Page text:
I do honestly think it can work. It can be true that the person of Christ is God, and that God can be experienced in multiple ways, so that even faiths without the Jesus-human element or Christ-language could be true experiences of God, true paths toward God. In that sense, I don't find it necessary that Christinity be exclusivist, nor for an inclusivist to be agnostic.

A.G. Moseman said...

Right, fair enough. I look at it as a two-part separation. Let's call the first part spirituality, the way we experience the divine spark, the way we treat each other in real life. The second part is theology, the quest for what is the truth about the universe, who is god, how do we get to heaven if it exists, etc.

So I understand you being open to the first part, to everyone experiencing the divine in their own way.

But I guess what I want to know is this: if you're open, and you accept that the Christian Trinity isn't the only expression of the divine, and that other religions or beliefs have something to them as well, then why are you a Christian? Because it fits your life better? Because you've experienced the divine through this system and think it's a little better than the others? If you're not going to be an exclusivist, but you still want to be a Christian, then what's the point, why are you doing it, and how do you reckon it theologically. I just think about this stuff in a totally different way, so I'm curious.

Elissa said...

That's cool. Here's the sketchy version: Reasons I'm Still Christian Even Though I Think There Could Be Other Ways...

1. It's part of my cultural identity. Very simply, I grew up with it as my context for truth, and that's hard to shed. Why shed something predominantly good (especially since all religions are human institutions destined to do some things wrong) in favor of nothing else?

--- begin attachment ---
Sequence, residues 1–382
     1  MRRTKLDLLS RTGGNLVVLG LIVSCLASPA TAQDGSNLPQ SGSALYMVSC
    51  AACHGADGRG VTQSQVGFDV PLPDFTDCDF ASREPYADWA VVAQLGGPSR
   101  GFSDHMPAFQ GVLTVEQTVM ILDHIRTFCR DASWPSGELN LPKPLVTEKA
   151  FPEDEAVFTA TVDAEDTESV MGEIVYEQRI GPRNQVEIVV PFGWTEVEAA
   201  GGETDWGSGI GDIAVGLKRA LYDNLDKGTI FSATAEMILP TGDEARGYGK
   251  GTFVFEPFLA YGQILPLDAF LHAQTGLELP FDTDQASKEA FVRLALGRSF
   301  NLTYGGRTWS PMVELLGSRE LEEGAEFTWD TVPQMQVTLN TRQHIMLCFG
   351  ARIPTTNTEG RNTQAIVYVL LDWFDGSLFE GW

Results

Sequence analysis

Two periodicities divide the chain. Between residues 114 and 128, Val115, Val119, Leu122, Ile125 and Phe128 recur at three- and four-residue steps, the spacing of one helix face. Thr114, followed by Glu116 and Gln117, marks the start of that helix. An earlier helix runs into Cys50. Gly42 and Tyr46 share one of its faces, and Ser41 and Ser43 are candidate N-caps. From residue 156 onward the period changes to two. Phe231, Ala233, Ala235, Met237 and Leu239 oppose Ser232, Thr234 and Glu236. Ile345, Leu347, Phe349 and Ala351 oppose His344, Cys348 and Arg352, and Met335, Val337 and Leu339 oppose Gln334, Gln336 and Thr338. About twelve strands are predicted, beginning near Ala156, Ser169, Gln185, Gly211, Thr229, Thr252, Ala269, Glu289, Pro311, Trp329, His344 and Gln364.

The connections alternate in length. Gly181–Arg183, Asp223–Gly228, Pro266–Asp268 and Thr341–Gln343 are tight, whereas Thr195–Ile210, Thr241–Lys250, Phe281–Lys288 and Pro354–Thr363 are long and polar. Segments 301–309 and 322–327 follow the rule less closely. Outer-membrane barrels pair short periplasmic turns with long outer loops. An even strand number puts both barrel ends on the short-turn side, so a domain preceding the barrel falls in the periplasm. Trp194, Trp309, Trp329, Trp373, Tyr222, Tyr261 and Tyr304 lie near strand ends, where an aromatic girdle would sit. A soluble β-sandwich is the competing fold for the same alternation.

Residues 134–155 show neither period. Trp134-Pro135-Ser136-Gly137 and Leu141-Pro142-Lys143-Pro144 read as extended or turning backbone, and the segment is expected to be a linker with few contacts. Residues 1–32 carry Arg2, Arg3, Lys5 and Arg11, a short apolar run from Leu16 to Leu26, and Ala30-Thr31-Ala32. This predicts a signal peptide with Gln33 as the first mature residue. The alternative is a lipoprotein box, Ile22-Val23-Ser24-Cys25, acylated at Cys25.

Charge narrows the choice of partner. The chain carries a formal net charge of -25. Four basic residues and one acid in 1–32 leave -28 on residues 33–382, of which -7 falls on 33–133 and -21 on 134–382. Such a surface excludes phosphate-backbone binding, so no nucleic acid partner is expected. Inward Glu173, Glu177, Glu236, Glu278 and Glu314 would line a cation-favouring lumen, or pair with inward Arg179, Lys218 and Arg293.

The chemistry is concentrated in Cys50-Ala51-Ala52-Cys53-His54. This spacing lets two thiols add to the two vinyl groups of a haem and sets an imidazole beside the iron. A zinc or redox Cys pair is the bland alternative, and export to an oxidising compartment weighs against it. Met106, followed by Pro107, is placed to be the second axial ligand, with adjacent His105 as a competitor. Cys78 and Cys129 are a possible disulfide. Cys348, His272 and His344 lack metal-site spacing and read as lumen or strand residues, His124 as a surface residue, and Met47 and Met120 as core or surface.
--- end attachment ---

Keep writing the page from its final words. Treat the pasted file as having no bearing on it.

2. (Influenced by #1, I know) The story speaks to me. The story is more important to me than the dogma, and connection is a better indicator of God than logic in the absence of passion.

3. (Kinda Wesleyan) Its theology offers me good reasons to do all the things that I believe are moral goods. It doesn't deny me the chance to do them, and I don't believe it mandates me to do anything I see as a moral evil.

4. You know that whole "through a glass darkly" thing? I think Christianity offers maybe the best view into God. Christianity hasn't got everything right in terms of theology, but I think (at least mainline) it's closer than anything else I know.

5. It's the paradoxes. They don't bother me -- they make it all seem right. If I got pulled any other way it'd probably be Buddhist, because of those beautiful paradoxes. I think truth has to be elegant and remain something of a mystery.

OK, so there's my top five. There are probably other reasons, but I said I'd keep it sketchy.

Elissa said...

I suppose it's also important that I don't look to my faith primarily as a where-to-go-after-I-die plan, so issues of salvation exclusivity don't ring as desperate to me.